Goblin Games a haven for ‘Magic: The Gathering’ players

A group of gamers play EDH, Elder Dragon Highlander, at Goblin Games on May 1, 2016. (File Photo by Emily Starkey | The Collegian)

Many people dream of turning a hobby into a profession. For Manhattan resident Joseph Wyatt, that dream became reality.

Wyatt, 27, is the owner of Goblin Games, a store that sells supplies for card games, board games and other tabletop entertainment. Wyatt said he primarily wanted to provide a location for people to play “Magic: The Gathering” and other trading card games.

Wyatt said he originally had no intention of owning a business.

“Lots of people say, ‘I want to open a game store. That’s my dream,’” Wyatt said. “That was never what I wanted to do.”

Wyatt said the only reason he decided to open his own store was to fill the demand for a quality game store that heavily focused on “Magic: The Gathering.”

“The people in the Magic community were immediately very, very excited,” Wyatt said. “People were excited that a Magic player was going to open a store.”

Alexander Staggs, senior in animal science, said he visits Goblin Games a couple times a month and considers himself a member of the Magic community.

“(Goblin Games) is the most convenient location for me to go and play Magic: The Gathering,” Staggs said.

Staggs said the staff at Goblin Games offer better customer service and knowledge of the game than the other game stores he has visited.

Wyatt said many stores that sell “Magic: The Gathering” cards or host tournaments usually are not staffed by well-informed players of the game. He said he believes this disconnect makes players feel like second-class customers.

“Magic: The Gathering” is a popular card game with over 16,000 unique cards. A standard game consists of two players each casting spells from their decks in an effort to reduce their opponent’s life points to zero. The game has different formats, including some created by the players to help keep the game fresh. Depending on what format a person wants to play, decks of cards can cost anywhere from $20 to $500.

When Wyatt and his fiancée, Anne Higley, made the decision to open a game store, Higley knew a little about “Magic: The Gathering” and worked a full-time job to help finance Goblin Games.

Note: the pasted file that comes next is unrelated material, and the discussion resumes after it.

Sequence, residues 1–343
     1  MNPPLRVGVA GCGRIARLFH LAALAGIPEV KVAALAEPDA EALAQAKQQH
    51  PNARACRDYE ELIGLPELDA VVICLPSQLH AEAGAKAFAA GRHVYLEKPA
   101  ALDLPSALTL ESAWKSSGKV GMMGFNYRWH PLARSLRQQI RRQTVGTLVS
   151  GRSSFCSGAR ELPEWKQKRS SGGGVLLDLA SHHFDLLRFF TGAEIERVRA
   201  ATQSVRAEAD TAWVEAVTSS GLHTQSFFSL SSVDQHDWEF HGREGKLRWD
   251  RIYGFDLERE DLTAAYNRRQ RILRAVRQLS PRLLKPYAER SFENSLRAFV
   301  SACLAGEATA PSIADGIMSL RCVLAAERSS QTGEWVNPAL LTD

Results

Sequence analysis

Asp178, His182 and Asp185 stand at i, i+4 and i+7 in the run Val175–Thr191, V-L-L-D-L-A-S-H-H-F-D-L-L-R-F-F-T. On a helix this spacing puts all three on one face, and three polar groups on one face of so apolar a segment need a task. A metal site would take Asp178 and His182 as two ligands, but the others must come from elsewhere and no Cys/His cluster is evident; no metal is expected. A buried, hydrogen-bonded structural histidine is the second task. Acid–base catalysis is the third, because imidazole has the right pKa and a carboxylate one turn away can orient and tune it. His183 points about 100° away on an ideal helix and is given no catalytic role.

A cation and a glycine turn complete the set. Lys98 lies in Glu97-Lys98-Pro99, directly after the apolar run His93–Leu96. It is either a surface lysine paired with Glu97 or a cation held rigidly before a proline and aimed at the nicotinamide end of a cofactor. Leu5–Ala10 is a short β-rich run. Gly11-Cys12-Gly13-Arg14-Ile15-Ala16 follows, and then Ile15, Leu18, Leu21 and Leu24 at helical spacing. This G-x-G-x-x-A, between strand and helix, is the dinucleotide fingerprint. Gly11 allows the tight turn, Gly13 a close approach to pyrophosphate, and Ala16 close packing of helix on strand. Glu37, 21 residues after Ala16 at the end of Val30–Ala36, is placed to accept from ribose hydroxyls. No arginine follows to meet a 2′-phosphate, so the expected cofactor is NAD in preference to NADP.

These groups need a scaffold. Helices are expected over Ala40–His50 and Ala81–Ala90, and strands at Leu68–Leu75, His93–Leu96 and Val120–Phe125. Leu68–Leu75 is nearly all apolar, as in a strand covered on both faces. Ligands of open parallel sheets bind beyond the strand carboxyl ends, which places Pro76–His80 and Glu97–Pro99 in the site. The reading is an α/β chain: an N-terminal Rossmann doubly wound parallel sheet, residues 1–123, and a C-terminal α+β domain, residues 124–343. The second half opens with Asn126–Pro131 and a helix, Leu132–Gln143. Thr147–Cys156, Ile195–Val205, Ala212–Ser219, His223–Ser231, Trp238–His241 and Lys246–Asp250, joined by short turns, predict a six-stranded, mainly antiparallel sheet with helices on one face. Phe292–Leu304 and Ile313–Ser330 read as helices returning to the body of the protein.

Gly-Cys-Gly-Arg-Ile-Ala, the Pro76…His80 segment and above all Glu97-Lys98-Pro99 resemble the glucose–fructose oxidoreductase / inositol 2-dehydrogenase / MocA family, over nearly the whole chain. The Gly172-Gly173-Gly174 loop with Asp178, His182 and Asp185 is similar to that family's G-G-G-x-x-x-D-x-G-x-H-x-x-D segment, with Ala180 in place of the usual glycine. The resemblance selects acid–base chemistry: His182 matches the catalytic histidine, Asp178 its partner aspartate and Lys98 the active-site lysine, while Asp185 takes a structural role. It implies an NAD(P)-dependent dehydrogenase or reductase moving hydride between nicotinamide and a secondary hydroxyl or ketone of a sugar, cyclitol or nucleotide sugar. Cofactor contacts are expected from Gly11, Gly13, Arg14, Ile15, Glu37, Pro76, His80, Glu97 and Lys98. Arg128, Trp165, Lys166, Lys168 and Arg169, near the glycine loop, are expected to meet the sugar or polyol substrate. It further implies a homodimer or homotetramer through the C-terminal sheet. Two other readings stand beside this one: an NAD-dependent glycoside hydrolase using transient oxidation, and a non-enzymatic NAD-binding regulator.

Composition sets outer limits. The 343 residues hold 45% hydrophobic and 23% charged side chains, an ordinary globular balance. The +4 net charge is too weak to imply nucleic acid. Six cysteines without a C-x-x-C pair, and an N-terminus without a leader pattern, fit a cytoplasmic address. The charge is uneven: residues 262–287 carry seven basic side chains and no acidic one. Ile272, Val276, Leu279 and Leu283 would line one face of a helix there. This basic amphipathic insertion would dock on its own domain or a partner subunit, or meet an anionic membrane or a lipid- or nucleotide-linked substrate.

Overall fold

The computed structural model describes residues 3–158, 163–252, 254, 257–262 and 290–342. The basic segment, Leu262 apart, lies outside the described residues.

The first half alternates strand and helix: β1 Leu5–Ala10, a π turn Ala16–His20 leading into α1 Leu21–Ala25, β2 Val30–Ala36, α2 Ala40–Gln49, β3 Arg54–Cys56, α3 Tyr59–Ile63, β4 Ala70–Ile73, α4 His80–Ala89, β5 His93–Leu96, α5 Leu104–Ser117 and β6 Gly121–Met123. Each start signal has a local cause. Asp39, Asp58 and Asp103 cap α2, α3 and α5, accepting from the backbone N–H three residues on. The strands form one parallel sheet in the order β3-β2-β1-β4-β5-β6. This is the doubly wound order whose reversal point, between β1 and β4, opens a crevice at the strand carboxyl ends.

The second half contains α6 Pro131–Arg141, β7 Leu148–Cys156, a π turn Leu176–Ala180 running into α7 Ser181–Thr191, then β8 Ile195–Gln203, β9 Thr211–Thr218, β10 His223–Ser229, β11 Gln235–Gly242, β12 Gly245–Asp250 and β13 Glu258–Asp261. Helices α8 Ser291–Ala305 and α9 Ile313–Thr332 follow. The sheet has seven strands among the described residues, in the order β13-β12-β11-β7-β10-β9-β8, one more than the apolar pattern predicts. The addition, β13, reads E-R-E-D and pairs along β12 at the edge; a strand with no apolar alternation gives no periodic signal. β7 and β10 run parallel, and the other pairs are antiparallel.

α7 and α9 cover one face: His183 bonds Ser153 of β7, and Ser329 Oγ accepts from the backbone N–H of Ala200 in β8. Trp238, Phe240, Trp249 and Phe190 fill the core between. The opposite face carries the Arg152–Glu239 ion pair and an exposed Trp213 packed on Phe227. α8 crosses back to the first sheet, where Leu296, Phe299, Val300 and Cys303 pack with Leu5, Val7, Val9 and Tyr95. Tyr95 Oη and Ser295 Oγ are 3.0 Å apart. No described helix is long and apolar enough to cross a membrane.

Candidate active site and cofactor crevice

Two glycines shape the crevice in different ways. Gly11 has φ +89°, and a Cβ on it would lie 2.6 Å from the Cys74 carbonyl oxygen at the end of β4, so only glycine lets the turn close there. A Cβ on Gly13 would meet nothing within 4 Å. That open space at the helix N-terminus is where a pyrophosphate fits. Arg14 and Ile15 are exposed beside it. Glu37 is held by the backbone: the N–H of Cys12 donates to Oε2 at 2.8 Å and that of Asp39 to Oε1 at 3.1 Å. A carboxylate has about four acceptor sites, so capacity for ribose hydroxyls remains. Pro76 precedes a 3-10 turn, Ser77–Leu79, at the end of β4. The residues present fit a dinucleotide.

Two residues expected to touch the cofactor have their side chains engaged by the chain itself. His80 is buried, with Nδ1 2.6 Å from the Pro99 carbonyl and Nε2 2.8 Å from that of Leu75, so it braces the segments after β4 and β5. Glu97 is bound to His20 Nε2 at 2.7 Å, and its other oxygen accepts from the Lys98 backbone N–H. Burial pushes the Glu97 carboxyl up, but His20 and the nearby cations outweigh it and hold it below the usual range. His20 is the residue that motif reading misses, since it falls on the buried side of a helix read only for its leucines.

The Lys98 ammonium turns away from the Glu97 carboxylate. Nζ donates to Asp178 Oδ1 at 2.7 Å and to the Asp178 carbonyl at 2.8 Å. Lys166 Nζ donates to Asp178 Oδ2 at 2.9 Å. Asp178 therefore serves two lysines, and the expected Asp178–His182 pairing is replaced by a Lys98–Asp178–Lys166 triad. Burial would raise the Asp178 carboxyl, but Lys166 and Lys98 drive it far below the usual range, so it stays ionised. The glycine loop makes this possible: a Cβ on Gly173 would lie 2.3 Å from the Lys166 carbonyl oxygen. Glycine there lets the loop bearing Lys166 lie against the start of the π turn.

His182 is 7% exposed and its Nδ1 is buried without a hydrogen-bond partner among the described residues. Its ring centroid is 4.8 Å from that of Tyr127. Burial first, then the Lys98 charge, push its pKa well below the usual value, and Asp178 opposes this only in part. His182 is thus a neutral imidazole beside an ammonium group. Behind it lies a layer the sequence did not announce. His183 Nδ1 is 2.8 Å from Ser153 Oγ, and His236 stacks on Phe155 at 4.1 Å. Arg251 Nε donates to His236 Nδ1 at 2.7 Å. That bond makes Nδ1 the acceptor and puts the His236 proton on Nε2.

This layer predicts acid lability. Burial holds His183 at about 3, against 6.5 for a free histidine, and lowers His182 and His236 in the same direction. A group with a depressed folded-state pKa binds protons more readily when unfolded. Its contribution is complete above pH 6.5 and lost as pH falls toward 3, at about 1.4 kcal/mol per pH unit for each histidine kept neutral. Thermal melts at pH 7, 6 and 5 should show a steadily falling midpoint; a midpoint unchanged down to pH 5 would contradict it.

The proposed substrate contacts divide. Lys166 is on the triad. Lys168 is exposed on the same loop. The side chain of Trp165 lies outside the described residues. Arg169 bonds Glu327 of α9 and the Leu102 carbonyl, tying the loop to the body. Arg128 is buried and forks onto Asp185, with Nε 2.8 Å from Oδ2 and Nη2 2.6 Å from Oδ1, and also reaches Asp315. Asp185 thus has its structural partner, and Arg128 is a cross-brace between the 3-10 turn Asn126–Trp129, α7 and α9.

Wyatt said they started building the business in the summer of 2014 when they went to the seizure auction of a game store in Junction City. At this auction, they purchased a little over $3,000 of “Magic: The Gathering” supplies as an initial investment for their future storefront.

Wyatt contacted distributers and supplied them with a picture of the storefront and Goblin Games’ tax identification as he certified his new business.

Wyatt said Goblin Games was originally scheduled to open in October 2014, but was pushed back until its doors opened on Jan. 23, 2015 after the building underwent renovations to gain the approval of the fire marshal.

“Build permits were delayed,” Wyatt said. “The renovations took way longer than they should have.”

Daithin Wycoff, 23 and an employee of Goblin Games, said earning a living from selling cards is a matter of supply and demand. Wycoff said the store makes a profit by tracking the prices of individual cards and making sure it has the card in stock if the card suddenly becomes popular.

Wycoff said tracking cards involves a combination of watching professional “Magic: The Gathering” tournaments as well as studying what decks local players are using.

Wycoff had been a regular customer at Goblin Games for about six months when Wyatt offered him a position. He described the work environment as “pretty laid back.”

“It’s pretty easy, you just have to be more knowledgeable about your product than most other sales jobs,” Wycoff said.

Wycoff said he has played “Magic: The Gathering” for seven years but took it upon himself to research what other games are sold in the store and what features classify them.

“If someone comes in like, ‘What is a good board game? Hey, is this good?’ I can give them something rather than saying, ‘I don’t know,'” Wycoff said.

In regards to the store’s future, Wyatt said his first goal is to have the store remain open longer than five years.

“Five years is kind of the mark where all the game stores die,” Wyatt said.